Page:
Knockpatrick Hill is located a short distance from the town of Foynes in West Limerick. According to folklore St Patrick visited here when traveling around Co Limerick.
The landscape includes the site of a church, a holy stone and a holy well, all dedicated to the saint.
St Patrick’s Holy Well
St Patrick’s holy well is located to the west of Knockpatrick Hill in the corner of a large field.
The holy well is a natural spring defined by an oval dry stone wall. Some time in the last century a larger concrete structure was built over the well and the wall. The spring well’s water flow into a rectangular trough or bathing tank.
A large statue of St Patrick sits in a statue niche over the doorway of the well house.
According to Ó Danachair (1955, 215) witing in the middle of the last century large crowds came here on the 17th March. Devotion to the well has declined and today the water in the well trough are covered in thick green algae.
Knockpatrick is only a few minutes walk from the well.
St Patrick’s Church and Graveyard
Its an easy climb to the summit of Knockpatrick Hill. The summit is dominated by the ruins of a late church surrounded by a historic graveyard. A modern altar and shelter are located on the west side of the graveyard.
The hill is 572 feet above sea level and has wonderful views of the surrounding countryside including the Shannon Esturary, with the exception of the view to the northeast which overlooks the Aughinish Alumina’s factory.
According to legend, St Patrick built and consecrated the church at Knockpatrick when he visited the area in 448 AD. It was siad he blessed all the land that he could see. Folk relating to the area recorded in the The Schools’ Collection, for Shanagolden, Co. Limerick also tells that St Patrick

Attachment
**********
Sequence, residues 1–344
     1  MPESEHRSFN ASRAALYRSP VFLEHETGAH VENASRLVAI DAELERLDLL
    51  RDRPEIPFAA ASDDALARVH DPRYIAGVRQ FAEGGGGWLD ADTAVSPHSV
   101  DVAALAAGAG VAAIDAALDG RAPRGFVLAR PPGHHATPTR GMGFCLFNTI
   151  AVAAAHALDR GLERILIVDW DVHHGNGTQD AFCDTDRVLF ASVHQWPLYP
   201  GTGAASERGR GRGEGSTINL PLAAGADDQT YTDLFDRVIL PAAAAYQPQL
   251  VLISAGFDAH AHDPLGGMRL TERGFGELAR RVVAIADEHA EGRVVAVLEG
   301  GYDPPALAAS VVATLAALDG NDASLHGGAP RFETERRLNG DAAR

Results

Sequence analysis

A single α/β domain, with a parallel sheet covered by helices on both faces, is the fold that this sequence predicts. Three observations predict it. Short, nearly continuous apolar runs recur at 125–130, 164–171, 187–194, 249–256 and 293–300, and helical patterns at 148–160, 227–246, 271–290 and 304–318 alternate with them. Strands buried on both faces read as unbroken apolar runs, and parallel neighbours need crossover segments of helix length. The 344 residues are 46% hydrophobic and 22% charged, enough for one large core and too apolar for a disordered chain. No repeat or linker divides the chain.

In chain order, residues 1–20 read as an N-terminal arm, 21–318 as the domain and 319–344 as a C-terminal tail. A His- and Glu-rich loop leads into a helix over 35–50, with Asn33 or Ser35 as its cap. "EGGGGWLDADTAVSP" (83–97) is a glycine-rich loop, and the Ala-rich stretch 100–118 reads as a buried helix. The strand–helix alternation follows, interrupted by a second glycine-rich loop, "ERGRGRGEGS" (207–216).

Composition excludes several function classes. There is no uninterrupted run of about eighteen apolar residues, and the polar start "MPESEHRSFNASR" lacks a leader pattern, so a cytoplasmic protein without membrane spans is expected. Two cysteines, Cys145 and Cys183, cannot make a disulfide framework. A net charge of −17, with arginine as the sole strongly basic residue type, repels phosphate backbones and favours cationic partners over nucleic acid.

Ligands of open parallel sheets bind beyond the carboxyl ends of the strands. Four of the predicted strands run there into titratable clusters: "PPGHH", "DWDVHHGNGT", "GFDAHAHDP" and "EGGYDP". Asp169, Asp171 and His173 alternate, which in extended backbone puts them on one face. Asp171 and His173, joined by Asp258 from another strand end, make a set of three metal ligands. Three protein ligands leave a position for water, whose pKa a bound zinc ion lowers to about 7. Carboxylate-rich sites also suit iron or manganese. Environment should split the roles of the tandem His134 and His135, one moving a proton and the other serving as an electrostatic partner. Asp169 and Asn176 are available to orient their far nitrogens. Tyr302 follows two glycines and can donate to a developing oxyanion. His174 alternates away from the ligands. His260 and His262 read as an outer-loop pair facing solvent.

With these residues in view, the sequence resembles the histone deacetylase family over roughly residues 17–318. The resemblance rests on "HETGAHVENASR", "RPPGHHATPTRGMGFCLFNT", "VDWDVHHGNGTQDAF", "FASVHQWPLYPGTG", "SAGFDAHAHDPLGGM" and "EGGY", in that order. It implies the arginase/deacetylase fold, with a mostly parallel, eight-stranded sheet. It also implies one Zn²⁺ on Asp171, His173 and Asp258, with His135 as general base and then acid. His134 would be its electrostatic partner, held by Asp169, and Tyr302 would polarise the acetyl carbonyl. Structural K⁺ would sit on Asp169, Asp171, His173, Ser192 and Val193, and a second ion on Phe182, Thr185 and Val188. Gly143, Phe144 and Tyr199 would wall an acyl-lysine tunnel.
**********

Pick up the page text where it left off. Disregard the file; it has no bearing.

while staying at Knockpatrick … blessed Co. Clare. He knelt down at the highest point of the hill, gazed northward across the Shannon at the County, stretched out his hands and said “My blessing over to you”. Volume 0483, Page 168
St Patrick’s stone
The ‘Suíochán Pádraig’ or St Patrick’s Seat is located on the eastern shoulder of the hill. The seat was said to be made up six stones. Today the stones are enclosed by a concrete wall.
The interior floor is covered by patches of concrete and a large wooden cross stands in the center. The six stones cant be idenified and they may be covered by the concreted or the briars and ivy. Folklore from the 1930’s relating to the stone notes that
There was a flat stone to be seen at the summit of Knockpatrick until about twenty years ago. On it were two hollows which bore a rough resemblance to an impression which would be made by human knees. A local tradition connects this stone with St Patricks blessing of Co. Clare – that when giving his blessing he knelt on it, and as a sign that God had heard his prayer the imprint of his knees remained on the stone. The Schools’ Collection (Shanagolden) Volume 0483, Page 168.
During the twentieth century pilgrimage ritual at the site were focused on 17th of March. Pilgrims recited three rosaries
‘one around the wall of the burial grounds, one while moving clockwise around St Patrick’s Well and the third at Suíochán Pádraig’ [St Patrick’s Seat] (http://www.limerickdioceseheritage.org).
Knockpartick is a lovely place to visit on a sunny day. Arpatrick Co Limerick is another hilltop site assoicated with St Patick in Co Limerick a with the saint is also worth a visit.
The Schools’ Collection, Shanagolden, Co. Limerick (B) Volume 0483, Page 168